Missouri Secession Cockades

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Missouri was a state full of contradictions. One of the early states to call a secession convention, Missouri's convention voted down secession. Though claiming neutrality, Missouri gave thousands of troops to both sides of the conflict. Neither fully Union nor Secessionist, Missouri had dual state governments that answered to both the Confederate and United States governments. And though ostensibly trying to stay neutral, Missouri was the scene of more bloody battles than any other state - over 1200 - except Virginia and Tennessee.

We Intend to Keep It

On March 19, 1861, Missouri's secession convention voted against secession declaring that "we have the best government in the world and intend to keep it." They further observed, "The position of Missouri in relation to the adjacent States which would continue in the Union, would necessarily expose her, if she became a member of a new confederacy, to utter destruction whenever any rupture might take place between the different republics. In a military aspect, secession and connection with a Southern confederacy is annihilation for Missouri. The true position for her to assume is that of a State whose interests are bound up in the maintenance of the Union, and whose kind feelings and strong sympathies are with the people of the Southern States with whom they are connected by ties of friendship and blood."

Unfortunately, "kind feelings" quickly gave way to "utter destruction" as Union and Secession forces battled it out across the state. In fact, a pro-Confederate government was soon formed and had its own secession convention in October. The convention declared all political ties between Missouri and the United States dissolved, citing grievances against the United States such as, "invading with hostile armies the soil of the State, attacking and making prisoners the militia while legally assembled under the State laws, forcibly occupying the State capitol, and attempting through the instrumentality of domestic traitors to usurp the State government, seizing and destroying private property, and murdering with fiendish malignity peaceable citizens, men, women, and children, together with other acts of atrocity, indicating a deep-settled hostility toward the people of Missouri."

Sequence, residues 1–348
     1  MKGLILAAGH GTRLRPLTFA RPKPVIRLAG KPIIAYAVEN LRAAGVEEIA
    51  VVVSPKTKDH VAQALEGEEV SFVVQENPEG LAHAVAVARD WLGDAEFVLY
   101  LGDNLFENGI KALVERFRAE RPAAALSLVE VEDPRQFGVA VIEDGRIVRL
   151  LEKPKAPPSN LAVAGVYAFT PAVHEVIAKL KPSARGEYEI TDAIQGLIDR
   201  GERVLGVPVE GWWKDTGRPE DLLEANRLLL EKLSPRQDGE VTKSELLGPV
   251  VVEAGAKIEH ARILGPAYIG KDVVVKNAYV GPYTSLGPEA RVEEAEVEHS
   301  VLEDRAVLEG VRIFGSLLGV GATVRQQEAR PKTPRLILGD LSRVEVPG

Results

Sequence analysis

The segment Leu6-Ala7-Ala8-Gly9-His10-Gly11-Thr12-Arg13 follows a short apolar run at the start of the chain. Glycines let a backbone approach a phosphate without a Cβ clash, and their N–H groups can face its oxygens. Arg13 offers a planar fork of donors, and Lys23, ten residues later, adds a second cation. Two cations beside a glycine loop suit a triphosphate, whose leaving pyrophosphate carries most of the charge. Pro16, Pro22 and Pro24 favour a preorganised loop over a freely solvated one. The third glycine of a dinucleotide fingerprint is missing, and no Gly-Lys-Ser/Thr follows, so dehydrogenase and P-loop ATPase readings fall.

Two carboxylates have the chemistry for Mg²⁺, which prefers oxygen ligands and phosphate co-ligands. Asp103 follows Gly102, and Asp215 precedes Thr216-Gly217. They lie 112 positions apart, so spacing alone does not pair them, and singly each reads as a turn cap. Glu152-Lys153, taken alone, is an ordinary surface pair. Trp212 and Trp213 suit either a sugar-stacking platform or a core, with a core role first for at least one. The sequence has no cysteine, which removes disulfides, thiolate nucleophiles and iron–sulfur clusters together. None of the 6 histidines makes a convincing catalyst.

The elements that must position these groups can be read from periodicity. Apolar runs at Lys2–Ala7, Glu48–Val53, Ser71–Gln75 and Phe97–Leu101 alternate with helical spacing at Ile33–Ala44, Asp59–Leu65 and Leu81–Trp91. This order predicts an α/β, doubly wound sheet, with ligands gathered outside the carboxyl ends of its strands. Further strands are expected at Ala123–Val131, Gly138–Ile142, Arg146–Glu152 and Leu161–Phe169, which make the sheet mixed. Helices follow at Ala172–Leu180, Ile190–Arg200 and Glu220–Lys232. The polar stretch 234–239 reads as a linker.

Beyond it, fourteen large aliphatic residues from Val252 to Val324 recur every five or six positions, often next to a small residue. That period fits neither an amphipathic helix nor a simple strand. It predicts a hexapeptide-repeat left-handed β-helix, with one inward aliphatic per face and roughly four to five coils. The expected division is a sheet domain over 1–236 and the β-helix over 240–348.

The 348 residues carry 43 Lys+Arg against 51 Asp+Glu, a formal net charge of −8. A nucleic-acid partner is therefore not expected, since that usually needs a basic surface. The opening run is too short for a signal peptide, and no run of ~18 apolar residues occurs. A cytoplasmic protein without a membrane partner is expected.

As the conflicts raged, so did the cockades!

Phantoms of Their Own Conjuring

In November 1860, the St. Louis Democrat airily dismissed concern about both the cockades and "dis-union fever." "We would say to the good people - don't be alarmed about the military preparations down South, of which we are told. They are just about as formible and as hamerless [sic] as our Wide Awake organizations. The dis-union fever might as well evaporate in this "blue cockade" aspiration as any other way. The South is simply taking precautions against phantoms of their own conjuring, men of straw of the own manufacture, and dangers (if there are any) which they are exclusively responsible for."

"Wide Awakes" were Republican party militants - thousands of them - who organized throughout the North to supposedly keep the peace. Not surprisingly, they came into frequent belligerent contact with the pro-secession "Minute Men," also a para-military group.

A Small And Neat Rosette

The Utica Daily Observer noted in January, "One of our citizens showed us yesterday a disunion cockade worn by the Missouri Minute Men. It is a small and neat rosette of blue ribbons, with a silver star in the center and three pieces of ribbon pending therefrom. The pendant ribbons are two blue and one white. They are about 4 inches long, and on the white ribbon is printed, “Missouri Minute Men” - The letter says they are becoming the prevailing style in St Louis, generally worn on the hat."